This Is Your Brain On Music

You know those pesky little commercial jingles that get stuck in your head and play over and over? Or the line from some old song that you didn’t even particularly like that keeps playing in the back of your head? I just found out those things have a name. They’re called “ear worms.” I learned that from reading This is Your Brain On Music by by Daniel J. Levitin. Dr. Levitin is probably the world’s only neuroscientist with a solid professional background as both musician and producer of musical records. He’s also funny and brilliant and offers up some fascinating information about the relationship between neural structures and music. Since I don’t have an iota of musical talent or musical knowledge, I understand about three words in every sentence, but even so I find the book intriguing.

One of the little gems of information has to do with what it takes to become a world class anything — musician, fiction writer, basketball player, plumber, poet, watchmaker, water skier, whatever. It isn’t innate talent or having a first-class teacher or mentor. It’s practice. Specifically, 10,000 hours of practice. Researchers have consistently found that 10,000 hours is almost a magic number in arriving at true mastery of a skill. Do something for 10,000 hours, and you’ll be one of the world’s best at it. Caring about it what you’re doing makes the time spent practicing it even more productive.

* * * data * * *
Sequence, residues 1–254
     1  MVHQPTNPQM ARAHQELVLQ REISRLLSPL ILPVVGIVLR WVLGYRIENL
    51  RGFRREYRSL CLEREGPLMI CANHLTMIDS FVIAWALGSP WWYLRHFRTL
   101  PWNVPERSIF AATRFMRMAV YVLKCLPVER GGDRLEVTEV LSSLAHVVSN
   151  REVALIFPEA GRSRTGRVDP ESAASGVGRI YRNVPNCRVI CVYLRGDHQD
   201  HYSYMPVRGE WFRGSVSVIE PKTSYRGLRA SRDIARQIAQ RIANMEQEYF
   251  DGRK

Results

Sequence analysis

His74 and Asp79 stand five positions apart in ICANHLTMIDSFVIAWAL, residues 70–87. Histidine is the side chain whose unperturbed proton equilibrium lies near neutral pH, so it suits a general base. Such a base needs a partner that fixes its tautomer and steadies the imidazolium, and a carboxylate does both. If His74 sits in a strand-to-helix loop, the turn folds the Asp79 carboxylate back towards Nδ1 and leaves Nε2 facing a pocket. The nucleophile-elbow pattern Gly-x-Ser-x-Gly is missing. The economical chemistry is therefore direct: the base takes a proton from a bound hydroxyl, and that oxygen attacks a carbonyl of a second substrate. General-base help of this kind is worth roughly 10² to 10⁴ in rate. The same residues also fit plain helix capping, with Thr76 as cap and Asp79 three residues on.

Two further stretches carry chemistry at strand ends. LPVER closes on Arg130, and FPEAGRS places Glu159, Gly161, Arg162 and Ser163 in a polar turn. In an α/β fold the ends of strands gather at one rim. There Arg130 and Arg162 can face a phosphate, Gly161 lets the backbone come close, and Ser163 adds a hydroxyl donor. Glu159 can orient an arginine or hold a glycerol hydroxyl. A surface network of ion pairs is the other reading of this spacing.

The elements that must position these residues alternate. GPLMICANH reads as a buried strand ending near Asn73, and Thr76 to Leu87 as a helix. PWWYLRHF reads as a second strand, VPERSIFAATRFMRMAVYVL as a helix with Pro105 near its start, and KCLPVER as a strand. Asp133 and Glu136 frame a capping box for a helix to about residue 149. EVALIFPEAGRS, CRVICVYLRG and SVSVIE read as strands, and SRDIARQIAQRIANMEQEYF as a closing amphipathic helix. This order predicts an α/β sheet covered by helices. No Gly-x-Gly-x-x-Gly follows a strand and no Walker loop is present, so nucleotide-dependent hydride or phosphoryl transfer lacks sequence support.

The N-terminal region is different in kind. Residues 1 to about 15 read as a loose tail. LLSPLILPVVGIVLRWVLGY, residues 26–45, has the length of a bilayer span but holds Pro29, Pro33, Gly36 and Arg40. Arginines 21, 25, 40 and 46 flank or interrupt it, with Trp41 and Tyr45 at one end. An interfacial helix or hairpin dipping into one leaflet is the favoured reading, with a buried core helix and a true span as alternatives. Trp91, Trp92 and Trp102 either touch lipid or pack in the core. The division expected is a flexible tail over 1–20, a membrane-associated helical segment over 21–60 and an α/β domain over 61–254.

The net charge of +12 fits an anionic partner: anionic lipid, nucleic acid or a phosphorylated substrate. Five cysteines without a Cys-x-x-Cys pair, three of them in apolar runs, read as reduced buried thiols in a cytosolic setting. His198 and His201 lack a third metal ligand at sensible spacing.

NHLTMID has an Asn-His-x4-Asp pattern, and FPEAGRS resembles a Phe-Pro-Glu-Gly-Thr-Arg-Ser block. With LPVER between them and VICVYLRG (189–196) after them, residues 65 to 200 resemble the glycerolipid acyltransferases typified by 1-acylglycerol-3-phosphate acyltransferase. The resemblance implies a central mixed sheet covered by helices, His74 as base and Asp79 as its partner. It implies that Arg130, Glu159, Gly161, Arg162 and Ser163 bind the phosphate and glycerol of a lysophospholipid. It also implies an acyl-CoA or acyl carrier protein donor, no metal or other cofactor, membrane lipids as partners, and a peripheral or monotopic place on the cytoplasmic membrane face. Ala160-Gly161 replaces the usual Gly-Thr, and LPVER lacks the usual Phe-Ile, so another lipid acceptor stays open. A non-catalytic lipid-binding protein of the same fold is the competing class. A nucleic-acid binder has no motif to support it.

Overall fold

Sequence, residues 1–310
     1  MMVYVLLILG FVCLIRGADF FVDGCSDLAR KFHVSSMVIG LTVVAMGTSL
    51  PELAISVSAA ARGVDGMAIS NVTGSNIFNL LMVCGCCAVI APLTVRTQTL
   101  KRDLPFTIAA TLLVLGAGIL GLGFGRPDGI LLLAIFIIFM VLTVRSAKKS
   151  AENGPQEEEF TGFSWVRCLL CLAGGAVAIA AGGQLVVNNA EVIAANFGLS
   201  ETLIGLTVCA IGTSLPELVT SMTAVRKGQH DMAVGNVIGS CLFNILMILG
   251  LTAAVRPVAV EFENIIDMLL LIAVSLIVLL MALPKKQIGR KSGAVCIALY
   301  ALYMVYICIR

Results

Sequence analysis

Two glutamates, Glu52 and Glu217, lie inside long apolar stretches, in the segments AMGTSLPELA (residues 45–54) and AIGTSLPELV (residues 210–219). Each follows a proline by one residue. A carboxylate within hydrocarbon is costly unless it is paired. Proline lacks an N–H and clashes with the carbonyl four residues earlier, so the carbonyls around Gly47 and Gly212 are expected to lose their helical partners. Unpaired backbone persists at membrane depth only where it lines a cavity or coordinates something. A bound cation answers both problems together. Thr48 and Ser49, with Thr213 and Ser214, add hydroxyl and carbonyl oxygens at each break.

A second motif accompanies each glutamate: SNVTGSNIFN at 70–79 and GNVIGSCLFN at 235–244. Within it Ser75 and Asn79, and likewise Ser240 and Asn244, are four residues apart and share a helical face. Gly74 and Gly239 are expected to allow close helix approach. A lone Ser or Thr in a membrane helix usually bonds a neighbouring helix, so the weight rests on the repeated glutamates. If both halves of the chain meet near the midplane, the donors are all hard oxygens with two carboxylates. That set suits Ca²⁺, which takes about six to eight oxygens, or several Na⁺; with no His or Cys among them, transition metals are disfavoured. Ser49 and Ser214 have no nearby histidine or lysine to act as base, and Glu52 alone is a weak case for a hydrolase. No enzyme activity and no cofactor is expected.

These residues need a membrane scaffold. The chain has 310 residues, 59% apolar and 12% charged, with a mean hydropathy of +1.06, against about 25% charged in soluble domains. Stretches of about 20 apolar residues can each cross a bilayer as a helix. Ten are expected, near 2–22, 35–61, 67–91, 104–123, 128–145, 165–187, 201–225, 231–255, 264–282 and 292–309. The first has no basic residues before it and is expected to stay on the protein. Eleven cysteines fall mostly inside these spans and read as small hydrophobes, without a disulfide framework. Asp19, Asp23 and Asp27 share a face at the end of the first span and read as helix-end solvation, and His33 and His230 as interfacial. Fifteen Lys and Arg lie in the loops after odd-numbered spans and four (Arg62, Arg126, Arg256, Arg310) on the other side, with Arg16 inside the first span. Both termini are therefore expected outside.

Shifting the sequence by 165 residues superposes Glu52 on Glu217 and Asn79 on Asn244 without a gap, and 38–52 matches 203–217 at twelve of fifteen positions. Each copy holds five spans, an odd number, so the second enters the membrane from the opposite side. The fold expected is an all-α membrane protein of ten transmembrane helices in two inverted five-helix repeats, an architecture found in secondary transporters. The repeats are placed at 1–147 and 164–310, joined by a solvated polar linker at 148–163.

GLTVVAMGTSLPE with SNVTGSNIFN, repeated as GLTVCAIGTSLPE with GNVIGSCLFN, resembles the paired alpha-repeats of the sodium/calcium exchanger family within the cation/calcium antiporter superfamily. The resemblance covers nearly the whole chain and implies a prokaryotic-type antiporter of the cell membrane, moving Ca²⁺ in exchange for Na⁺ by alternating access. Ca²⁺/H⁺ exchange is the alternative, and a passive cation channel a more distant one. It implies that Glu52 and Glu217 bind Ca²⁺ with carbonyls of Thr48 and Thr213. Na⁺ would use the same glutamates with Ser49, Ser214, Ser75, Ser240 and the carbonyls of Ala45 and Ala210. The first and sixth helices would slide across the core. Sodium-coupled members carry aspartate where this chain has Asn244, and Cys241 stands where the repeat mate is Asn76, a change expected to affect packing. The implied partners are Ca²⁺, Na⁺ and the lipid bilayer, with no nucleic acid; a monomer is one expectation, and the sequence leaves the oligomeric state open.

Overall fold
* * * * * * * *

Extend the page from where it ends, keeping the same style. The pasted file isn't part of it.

For beginning writers, that means writing three hours a day for ten years. Or six hours a day for five years. Or twelve hours a day for two and a half years. Sounds daunting, doesn’t it? But years are going to pass whether or not you’re on your way to becoming a world-class writer, so if writing is something you really love, why not set out to become a world-class master at it?